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One Brickell CityCentre
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http://www.miamiherald.com/multimedia/business/skyline/index.html

http://farm4.static.flickr.com/3372/3179610538_dbb8724cf0_o.jpg


I cropped this photo to better show the Omni/Edgewater District, among other things, and where all this stuff might have gone.
http://farm4.static.flickr.com/3262/3190000007_2d4633e4d7_b.jpg


Latest rendering of Element (30 Street & Biscayne Bay) if we ever see it, courtesy of Vitruvius. I copied this off the Downtown Miami Pictures thread.
http://farm4.static.flickr.com/3364/3190014007_b89dd85005_o.jpg
 

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Contents Under Pressure
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Inspired by an article I read where the writer does some make believe make over for the 50+ vacant lots that were left over from the boom in the Edgewater area.

Here is a pdf of the vacant lots and the article with his vision for the area. I'm sure we could have some decent ideas for the area on here.
http://www.biscaynetimes.com/images/stories/art_0709/Edgewater_map.pdf

The article:
http://www.biscaynetimes.com/index....52:dirt-a-dreams&catid=46:features&Itemid=162
Good stuff, dave.

It's a shame that so many of those developments that tanked left behind all those vacant lots. I don't blame the writer for being upset...it would be an unsightly and depressing thing to have as a neighbor.

Going forward, I think Edgewater will almost inevitably thrive eventually. It's in too good a spot not to (even though I would have said the same thing 20 years ago). There's some terrific old housing stock there, even though some of it would need a TON of rehab to bring it back fully.

He had a lot of good, thoughtful ideas for the neighborhood even if some--like an independant theater---are probably very unlikely. My hope would be some level of high-rise development in the future but I'd hate to see it as yet another condo canyon, frankly. Group a few together, sure, but don't erase the character of that old and historic neighborhood. There's also professionals who might desire a lawn and a cool old house with good bones rather than a balcony and a doorman, y'know? Few neighborhoods that close to the CBD could offer as much as a revamped Edgewater.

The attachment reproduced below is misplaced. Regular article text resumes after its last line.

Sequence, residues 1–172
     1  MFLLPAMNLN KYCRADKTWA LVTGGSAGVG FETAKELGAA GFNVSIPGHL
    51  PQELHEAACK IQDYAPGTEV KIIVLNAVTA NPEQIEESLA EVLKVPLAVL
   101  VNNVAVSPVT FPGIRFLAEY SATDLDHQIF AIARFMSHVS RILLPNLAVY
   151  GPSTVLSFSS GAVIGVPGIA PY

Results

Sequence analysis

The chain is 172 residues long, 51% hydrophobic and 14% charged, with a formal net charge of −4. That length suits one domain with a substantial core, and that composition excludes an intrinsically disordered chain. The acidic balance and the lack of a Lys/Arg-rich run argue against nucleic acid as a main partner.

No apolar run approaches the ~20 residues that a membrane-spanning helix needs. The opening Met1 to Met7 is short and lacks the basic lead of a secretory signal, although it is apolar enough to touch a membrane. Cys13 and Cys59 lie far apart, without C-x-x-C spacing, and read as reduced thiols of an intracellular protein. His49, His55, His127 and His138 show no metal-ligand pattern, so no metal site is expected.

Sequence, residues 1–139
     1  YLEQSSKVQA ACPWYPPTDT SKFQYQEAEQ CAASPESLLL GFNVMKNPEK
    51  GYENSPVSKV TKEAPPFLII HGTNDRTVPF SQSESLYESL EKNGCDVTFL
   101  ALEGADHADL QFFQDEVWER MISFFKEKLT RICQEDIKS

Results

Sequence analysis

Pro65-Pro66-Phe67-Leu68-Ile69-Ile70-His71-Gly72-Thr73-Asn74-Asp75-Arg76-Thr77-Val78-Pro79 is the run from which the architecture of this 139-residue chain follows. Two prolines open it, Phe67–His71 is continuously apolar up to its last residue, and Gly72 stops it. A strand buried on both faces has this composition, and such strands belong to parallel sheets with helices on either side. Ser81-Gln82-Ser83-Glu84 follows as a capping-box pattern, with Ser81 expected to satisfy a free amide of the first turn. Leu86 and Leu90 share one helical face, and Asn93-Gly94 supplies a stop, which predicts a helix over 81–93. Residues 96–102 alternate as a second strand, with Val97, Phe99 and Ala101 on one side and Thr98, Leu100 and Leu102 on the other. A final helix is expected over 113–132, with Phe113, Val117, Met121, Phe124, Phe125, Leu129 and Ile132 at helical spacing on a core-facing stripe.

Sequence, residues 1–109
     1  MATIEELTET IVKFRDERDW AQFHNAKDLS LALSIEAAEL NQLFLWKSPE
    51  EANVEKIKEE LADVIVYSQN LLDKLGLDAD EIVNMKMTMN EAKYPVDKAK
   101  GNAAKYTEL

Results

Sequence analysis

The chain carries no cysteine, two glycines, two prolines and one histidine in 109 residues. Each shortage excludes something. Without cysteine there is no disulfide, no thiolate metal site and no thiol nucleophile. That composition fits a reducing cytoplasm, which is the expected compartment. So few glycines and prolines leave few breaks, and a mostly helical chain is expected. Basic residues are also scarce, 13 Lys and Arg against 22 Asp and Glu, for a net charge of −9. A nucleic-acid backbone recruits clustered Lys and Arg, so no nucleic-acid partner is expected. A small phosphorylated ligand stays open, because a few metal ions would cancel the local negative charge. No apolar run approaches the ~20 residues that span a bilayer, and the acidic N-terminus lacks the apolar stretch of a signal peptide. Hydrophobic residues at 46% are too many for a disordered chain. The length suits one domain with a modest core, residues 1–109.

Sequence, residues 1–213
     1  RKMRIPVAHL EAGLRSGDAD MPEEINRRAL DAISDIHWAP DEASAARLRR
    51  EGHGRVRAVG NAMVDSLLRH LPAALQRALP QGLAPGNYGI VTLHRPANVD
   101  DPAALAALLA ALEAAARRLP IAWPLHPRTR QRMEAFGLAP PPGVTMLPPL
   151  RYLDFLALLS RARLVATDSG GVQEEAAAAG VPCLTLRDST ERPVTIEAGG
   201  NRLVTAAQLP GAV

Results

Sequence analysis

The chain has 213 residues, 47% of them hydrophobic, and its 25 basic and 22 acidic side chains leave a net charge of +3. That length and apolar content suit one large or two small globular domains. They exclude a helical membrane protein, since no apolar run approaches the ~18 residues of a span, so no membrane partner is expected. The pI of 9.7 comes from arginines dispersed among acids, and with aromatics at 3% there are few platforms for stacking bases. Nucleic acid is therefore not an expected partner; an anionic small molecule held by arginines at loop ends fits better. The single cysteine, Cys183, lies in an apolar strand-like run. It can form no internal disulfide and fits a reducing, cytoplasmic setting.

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One Brickell CityCentre
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One Brickell CityCentre
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There's also professionals who might desire a lawn and a cool old house with good bones rather than a balcony and a doorman, y'know? Few neighborhoods that close to the CBD could offer as much as a revamped Edgewater.
You mean kind of like South Miami Avenue south of 15th Road?
 

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Contents Under Pressure
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You mean kind of like South Miami Avenue south of 15th Road?
Yeah, the 'Roads' is a good example of that...although a lot of that housing stock is quite a bit newer. I just don't want to see Edgewater bulldozed over eventually. A mix of some towers while retaining the character of the area would be best, imo.
 

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Edgewater has an amazing stock of historic homes that most definitely needs to be preserved. IMO high-rises could be kept within the Midtown development and in and around the Arsht Center. Scattered high-rises around Edgewater and Wynwood would look bad. There's plenty of empty lots in Downtown and Brickell, so high-rises should be kept in those areas.
 

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Not surprisingly, I still think that Edgewater is a mess.

The streets are very narrow, the lot sizes are not nearly large enough to have a neighborhood as nice as the Roads, Bay Heights, or Spring Garden.
Biscayne Boulevard has changed dramatically, but on all those dead end narrow streets (many without enough room for sidewalks) the housing stock remains the same.
The idealist have always touted that neighborhood as up and coming, but the reality is that there are far nicer options for the well heeled.
 

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One Brickell CityCentre
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Not surprisingly, I still think that Edgewater is a mess.

The streets are very narrow, the lot sizes are not nearly large enough to have a neighborhood as nice as the Roads, Bay Heights, or Spring Garden.
Biscayne Boulevard has changed dramatically, but on all those dead end narrow streets (many without enough room for sidewalks) the housing stock remains the same.
The idealist have always touted that neighborhood as up and coming, but the reality is that there are far nicer options for the well heeled.
Then what would you do with the place, Roark? I always thought the Ice2/Element lot was a great site and would have made a nice investment for the well-heeled even if they didn't want to live there.